I am an individual who maintains low expectations when walking into what is billed as a scary movie. I also take in popcorn because one never knows if you’re about to have the time of life. Maddeningly in the case of today’s film, it turned out to be the former. And it was for a complete lack of trying.

The Possession of Hannah Grace is Dutch Director Diederik Van Rooijen’s English-language debut, and it written by Brian Sieve of the Boogeyman sequels. The film opens with Grace tied to a bed and cackling. After murdering one priest and on the verge of killing another, Hannah’s father (Louis Herthum) takes matters into his own hands and suffocates his daughter, supposedly killing the demon inside her too. Cut to Megan Reed, played by Shay Mitchell, a former cop who decides to take up the graveyard shift at the city morgue.

Megan is a recovering alcoholic following the death of her partner on the job, and who is aided by her sponsor Lisa (Stana Katic) and her ex-boyfriend Andrew (Grey Damon) Working one night, Megan takes in Hannah Grace’s body for processing, which now sports extensive burn injuries and slashes. From then on, it is the longest night of Megan’s life, as her friends start to disappear, she starts to see things that aren’t there, a mysterious figure lurks in the shadows of the morgue, and it seems the corpse in question refuses to stay in the refrigerator.

The horror genre as a whole is one whose lucrativeness resides on both sides of the quality spectrum. It is a type of movie that is easy to screw up, but still achieve success in the eyes of its audience and its box office. There are countless bad horror movies that I would recommend for viewing, but not many that uphold a level of quality in regard to its production, storytelling or content. The Possession of Hannah Grace sits in a purgatory-like place where it narrowly succeeds in that first regard, but then completely flies past the other two without even a glance in their direction.

This is a very boring movie. Brian Sieve does not contribute any original ideas to the depiction of demon possession. Forget whether the approach was to either make the possession as serious as possible to the point of fear inducement, or so far-fetched that the audience are rolling around laughing at the spectacle. Neither is the result, not even as a backfired execution. The story is predictable, and you can see what lies behind every corner. Megan Reed is stuck in a small space with a re-animated cadaver. Besides the obvious idiocy of not leaving the moment that things start to play up, she does not make any stupid decisions.

At the same time, she’s giving us very little reason to care for her and her friends’ wellbeing. It is a nasty juxtaposition that results in a very bland lead character. She seems like a nice person who is just going through a rough patch, but other than that I know nothing about her. This wouldn’t be a problem if there was a spectacle for me to rather focus on, but so standard is the setup and scares that I am left feeling empty as an audience member.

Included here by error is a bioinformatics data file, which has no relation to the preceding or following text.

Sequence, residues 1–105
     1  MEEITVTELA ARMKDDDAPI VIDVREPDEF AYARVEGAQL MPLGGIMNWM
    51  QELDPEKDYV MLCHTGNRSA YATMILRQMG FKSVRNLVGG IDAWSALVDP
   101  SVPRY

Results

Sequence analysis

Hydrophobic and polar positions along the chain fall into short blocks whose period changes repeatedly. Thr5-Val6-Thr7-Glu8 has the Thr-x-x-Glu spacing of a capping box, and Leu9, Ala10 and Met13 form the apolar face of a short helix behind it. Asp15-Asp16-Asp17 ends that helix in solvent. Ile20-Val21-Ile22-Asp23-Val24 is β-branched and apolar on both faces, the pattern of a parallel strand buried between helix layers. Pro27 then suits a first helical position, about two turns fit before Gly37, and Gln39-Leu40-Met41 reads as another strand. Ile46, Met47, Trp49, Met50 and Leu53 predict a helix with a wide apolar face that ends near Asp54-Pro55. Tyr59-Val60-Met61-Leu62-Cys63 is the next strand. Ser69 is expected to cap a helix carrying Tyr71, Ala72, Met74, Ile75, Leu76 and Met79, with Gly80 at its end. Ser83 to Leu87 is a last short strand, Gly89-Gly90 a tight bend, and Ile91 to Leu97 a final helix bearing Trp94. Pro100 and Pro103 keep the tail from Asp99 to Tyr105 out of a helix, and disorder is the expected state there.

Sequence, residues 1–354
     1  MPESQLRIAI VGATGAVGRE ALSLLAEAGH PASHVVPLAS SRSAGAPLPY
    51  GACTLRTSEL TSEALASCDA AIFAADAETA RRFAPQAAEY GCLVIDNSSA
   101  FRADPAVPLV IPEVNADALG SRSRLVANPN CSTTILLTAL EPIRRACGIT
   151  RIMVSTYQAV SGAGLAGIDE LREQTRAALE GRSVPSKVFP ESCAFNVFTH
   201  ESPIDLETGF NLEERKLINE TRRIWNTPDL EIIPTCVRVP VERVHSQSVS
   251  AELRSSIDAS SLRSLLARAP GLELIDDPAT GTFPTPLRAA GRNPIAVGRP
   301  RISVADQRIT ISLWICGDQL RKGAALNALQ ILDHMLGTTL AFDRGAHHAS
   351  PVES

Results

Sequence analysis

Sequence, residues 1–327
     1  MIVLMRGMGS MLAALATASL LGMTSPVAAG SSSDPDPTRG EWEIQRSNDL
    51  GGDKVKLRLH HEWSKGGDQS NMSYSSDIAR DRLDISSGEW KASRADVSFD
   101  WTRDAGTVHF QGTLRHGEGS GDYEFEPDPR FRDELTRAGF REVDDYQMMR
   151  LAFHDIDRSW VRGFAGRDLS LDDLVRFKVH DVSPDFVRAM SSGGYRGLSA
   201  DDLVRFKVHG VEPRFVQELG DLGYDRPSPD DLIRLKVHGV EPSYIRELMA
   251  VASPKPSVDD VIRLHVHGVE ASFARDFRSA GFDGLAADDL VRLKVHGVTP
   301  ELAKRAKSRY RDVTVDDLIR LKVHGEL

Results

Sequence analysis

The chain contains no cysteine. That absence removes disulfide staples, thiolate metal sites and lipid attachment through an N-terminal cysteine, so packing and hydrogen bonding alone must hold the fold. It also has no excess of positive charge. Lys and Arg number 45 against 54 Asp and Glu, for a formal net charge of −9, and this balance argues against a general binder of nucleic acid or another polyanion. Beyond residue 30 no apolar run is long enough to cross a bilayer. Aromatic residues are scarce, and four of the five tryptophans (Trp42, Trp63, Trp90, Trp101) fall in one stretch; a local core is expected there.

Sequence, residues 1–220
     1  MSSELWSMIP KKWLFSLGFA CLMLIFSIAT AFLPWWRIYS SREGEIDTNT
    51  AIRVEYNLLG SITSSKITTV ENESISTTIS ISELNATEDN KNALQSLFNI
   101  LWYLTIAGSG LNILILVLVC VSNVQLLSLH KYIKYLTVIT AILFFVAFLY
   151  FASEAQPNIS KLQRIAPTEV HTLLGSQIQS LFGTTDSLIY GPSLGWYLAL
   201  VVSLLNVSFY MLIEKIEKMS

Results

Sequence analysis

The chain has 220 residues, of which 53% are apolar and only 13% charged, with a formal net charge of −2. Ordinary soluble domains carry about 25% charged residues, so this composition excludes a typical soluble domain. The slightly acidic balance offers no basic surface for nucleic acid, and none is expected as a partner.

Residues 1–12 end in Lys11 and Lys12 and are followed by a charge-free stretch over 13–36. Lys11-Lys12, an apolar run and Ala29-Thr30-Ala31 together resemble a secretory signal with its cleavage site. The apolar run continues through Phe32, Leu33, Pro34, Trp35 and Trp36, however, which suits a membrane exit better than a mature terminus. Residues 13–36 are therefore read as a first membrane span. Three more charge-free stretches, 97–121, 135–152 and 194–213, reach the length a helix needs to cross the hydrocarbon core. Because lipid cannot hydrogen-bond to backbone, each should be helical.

The thing is that while this possession is as standard as you can possibly get, the movie is not technically inept. Diederik Van Rooijen knows how to shoot a horror film. This was the first feature film to be shot on a full-frame mirrorless camera and while I would not be able to tell you the difference that this makes, the movie still looks good. Adequate cinematography works to create a legitimate atmosphere. This is aided by good sound editing. Little music is used and most of the time we are left in silence as Megan moves through the morgue.

The most absurd morgue in terms of its architecture, but still fitting for demonic storytelling. The visual effects are fine, as is the acting. Everyone is delivering on what is being asked of them. Hannah Grace actress Kirby Johnson is even showcasing some impressive choreography in her demonic movement. The problem is that that amounts to nothing. We cannot engage in an environment that is competently established when it makes no effort to engage with us. The plot is that formulaic and forgettable.

In all honesty, the only interesting part of the Possession of Hannah Grace comes from the analysis of its subtext. In several scenes and its conclusion, the movie implies that demon possession comes as a result of suffering from anxiety and depression. This is supposedly how Hannah succumbed to her invading entity and what threatens Megan should she let her former addictions and traumas get the better of her. This is a unique implication, but it is mismanaged by the plot by not giving it the focus that it requires. This is especially clear in the conclusion, which makes it feel like it served as but a means for the story to have a cohesive ending. It does not. It is weak and unfulfilling.

That last word is the best way to describe The Possession of Hannah Grace. It is an unfulfilling cinematic experience. It is a film that appliance stores will use to showcase the picture quality of their TVs. Harsh words those may be, but it flies in the face of a paying audience. Especially those who go into a movie sporting the word ‘possession’ and that is as lifeless as the corpse that features in it.

Last Updated: January 28, 2019

The Possession of Hannah Grace
The Possession of Hannah Grace is a film without an identity nor a reason for you to watch it. It is a well-crafted series of events that amount to nothing, despite the competency that can be seen on screen.

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